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Apple warns coronavirus will hurt iPhones supplies

Customers gather as they take part in a class to learn how to use their iPhones at an Apple Store on January 7, 2019 in Beijing, China.Image copyright
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Apple has warned that disruption in China from the coronavirus will mean revenues falling short of forecasts.

The iPhone maker is the first major US company to say that the epidemic will hit its finances.

The tech giant said production and sales were affected, and it was “experiencing a slower return to normal conditions” than expected.

Apple, which forecast record revenues of up to $67bn in the current quarter, did not put a number on the likely hit.

“We do not expect to meet the revenue guidance we provided for the March quarter,” the company said in a statement, adding that worldwide iPhone supply would be “temporarily constrained” and demand in China had been affected.

With most stores in China either closed or operating at reduced hours, sales of Apple products would be lower, the company said.

Apple said that “while our iPhone manufacturing partner sites are located outside the Hubei province – and while all of these facilities have reopened – they are ramping up more slowly than we had anticipated.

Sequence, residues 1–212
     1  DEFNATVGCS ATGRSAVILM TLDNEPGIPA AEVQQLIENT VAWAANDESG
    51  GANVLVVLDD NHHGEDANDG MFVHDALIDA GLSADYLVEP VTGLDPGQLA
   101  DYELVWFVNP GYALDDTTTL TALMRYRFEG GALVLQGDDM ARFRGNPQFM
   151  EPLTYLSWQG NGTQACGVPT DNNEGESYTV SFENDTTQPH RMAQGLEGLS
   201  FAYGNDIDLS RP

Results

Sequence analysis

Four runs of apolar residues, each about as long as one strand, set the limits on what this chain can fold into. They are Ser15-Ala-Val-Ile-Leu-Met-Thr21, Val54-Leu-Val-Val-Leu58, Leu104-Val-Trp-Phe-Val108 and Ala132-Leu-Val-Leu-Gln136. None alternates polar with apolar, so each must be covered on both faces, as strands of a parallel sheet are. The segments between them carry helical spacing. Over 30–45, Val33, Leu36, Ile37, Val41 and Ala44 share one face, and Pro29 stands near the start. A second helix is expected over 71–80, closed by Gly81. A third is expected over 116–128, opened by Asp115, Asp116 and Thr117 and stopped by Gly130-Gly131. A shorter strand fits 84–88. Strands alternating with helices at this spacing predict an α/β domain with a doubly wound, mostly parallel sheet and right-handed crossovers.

“All of our stores in China and many of our partner stores have been closed,” it added. “Additionally, stores that are open have been operating at reduced hours and with very low customer traffic. We are gradually reopening our retail stores and will continue to do so as steadily and safely as we can.”

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Analysts have estimated that the virus may slash demand for smartphones by half in the first quarter in China, which is the world’s biggest market for the devices. The car industry is another sector that has been affected by disruption to its supply chain. Last week, the heavy equipment manufacturer JCB said it was cutting production in the UK because of a shortage of components from China.

New virus cases outside the epicenter area have been declining for the last 13 days. There were 115 fresh cases outside Hubei announced on Monday, sharply down from nearly 450 a week ago.

But despite hopes that factories and shops are slowing getting back to normal, Apple’s warning will underline that China’s economy will be seriously affected by the coronavirus.

The head of the International Monetary Fund, Kristalina Georgieva, has said there could be a cut of about 0.1-0.2 percentage points to global growth, but stressed there was much uncertainty about the virus’s economic impact.

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By Laura Price

Laura is the senior writer and Smartphones section editor responsible for managing software updates and smartphones section. She is very passionate about Gadgets & Technology and always looking around to use them in an innovative way in daily life. She reviews Gadgets & Applications to tell users about their optimum use to get the most out of in which they’ve put their time and hard earned money.
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